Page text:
Although anxiety about school safety hasn't abated since the Columbine High School shootings last year, the number of students found with guns in Maryland schools has dropped by more than half in the past two years.
"I think it is good news because the numbers show that we are making progress," said Lt. Gov. Kathleen Kennedy Townsend, who is expected to join other state educators and officials to announce the decline at a news conference this morning. "But we all know that one gun in a school is too many."
In the 1996-1997 school year, Maryland's public schools expelled 73 students for taking guns to schools. That number fell to 64 in 1997-1998 -- in line with the decline nationally -- and dropped again to 31 in 1998-1999 -- five middle school pupils and 26 high school students.
Baltimore recorded the most significant decline. City schools expelled 40 students with guns in 1997-1998. Fourteen were expelled for possessing a gun last school year.
Federal law requires expulsion of all students who take guns to school. It also requires such cases to be reported -- which state educators say makes the number of student expulsions the best available statistic to track the number of incidents involving handguns or rifles in Maryland schools.
Officials don't attribute the decline to any single action. They offer at least a portion of the credit to steps taken in the past few years by state and local school systems.
Probation officers are assigned to 120 schools across the state. That number is expected to rise next year by 35 officers with a $1 million boost in the governor's budget. More school systems also have added full- or part-time police officers to staffs.
"There's been an impact from some of the systemic things we've been trying to implement, including behavioral work with the University of Maryland and Sheppard Pratt and more peer counseling and tutoring," said state schools Superintendent Nancy S. Grasmick. "I think that by offering students alternative approaches to their behavior, we are helping to cut down on students who might turn to guns or violence to solve their problems."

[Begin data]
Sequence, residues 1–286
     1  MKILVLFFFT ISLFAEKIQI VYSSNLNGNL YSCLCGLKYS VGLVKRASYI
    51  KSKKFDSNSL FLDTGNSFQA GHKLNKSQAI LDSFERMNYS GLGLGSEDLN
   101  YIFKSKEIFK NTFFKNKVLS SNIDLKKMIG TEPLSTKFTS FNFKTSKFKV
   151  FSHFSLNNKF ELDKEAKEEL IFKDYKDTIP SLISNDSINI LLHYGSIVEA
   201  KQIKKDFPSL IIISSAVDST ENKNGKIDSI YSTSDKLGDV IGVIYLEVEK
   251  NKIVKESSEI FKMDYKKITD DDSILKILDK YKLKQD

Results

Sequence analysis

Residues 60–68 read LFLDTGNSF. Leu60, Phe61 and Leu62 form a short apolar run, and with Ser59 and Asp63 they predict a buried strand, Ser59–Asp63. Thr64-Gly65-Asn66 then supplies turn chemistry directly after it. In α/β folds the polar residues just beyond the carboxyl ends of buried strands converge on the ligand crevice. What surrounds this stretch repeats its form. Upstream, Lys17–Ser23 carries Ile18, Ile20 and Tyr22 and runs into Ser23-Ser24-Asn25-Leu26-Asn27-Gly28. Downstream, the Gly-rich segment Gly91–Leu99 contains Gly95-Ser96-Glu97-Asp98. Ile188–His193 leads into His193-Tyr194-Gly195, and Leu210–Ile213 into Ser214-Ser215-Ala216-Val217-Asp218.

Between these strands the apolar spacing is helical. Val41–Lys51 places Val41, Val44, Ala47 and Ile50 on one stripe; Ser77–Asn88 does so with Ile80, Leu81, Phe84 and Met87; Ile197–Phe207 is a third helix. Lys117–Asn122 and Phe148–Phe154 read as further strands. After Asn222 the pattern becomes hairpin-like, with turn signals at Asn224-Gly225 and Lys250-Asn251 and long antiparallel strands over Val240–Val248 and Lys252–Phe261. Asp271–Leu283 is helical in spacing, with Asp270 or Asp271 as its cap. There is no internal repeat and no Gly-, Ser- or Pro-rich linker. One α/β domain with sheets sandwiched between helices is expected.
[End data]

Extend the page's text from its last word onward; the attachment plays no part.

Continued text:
The governor's proposed budget for next year includes an additional $16 million to improve school safety, including expanding after-school programs and installing telephones in classrooms. Following up on a statewide safety summit attended by 800 students in November, the budget also offers $50,000 in grants to spur student ideas on how to improve safety.
Today's announcement on guns in Maryland's schools is expected to be made at a news conference at Lindale/Brooklyn Park Middle School in Anne Arundel County. The state also is scheduled to unveil a new toll-free hot line for students to anonymously report dangerous situations in their schools.
"The hot line comes from a suggestion that we've heard from young people," Townsend said. "We find that young people often don't know where to turn to report things that are worrying them."
Officials had promised the hot line several months ago but it was held up by technical difficulties. It is scheduled to begin operation today at the phone number 1-877-MD-NO-FEAR (1-877-636-6332).
All calls will be answered by Maryland State Police -- the criminal intelligence division staff or the headquarters duty officer -- and information will be passed to the appropriate local police department, said Maj. Greg Shipley, a state police spokesman. It will work like other anonymous crime-reporting hot lines, he said.
"We're hoping it can be a way for people to anonymously pass along information that they might not otherwise because of fear of retribution or other reasons," Shipley said. "It's not a new concept, but it is as it relates to schools."
Such hot lines have become increasingly popular in other school systems and states in the past year or two, particularly after the series of school shootings that have occurred across the country, including at Columbine in Colorado last spring. In some of those cases, other students were aware that violence had been threatened but did not report it to adults.
AT&T; Corp. -- which has donated wireless phones to schools across the state to try to boost safety -- has pledged to support the hot line for at least two years, including giving $25,000 to operate it and publicize it among students, company spokeswoman Candi Humphrey said.
Anne Arundel 1 2
Baltimore 40 14
Baltimore Co. 4 0
Caroline 1 0
Charles 1 0
Garrett 2 0
Harford 1 3
Montgomery 4 0
Prince George's 9 10
Queen Anne's 0 1
Wicomico 1 1
Maryland 64 31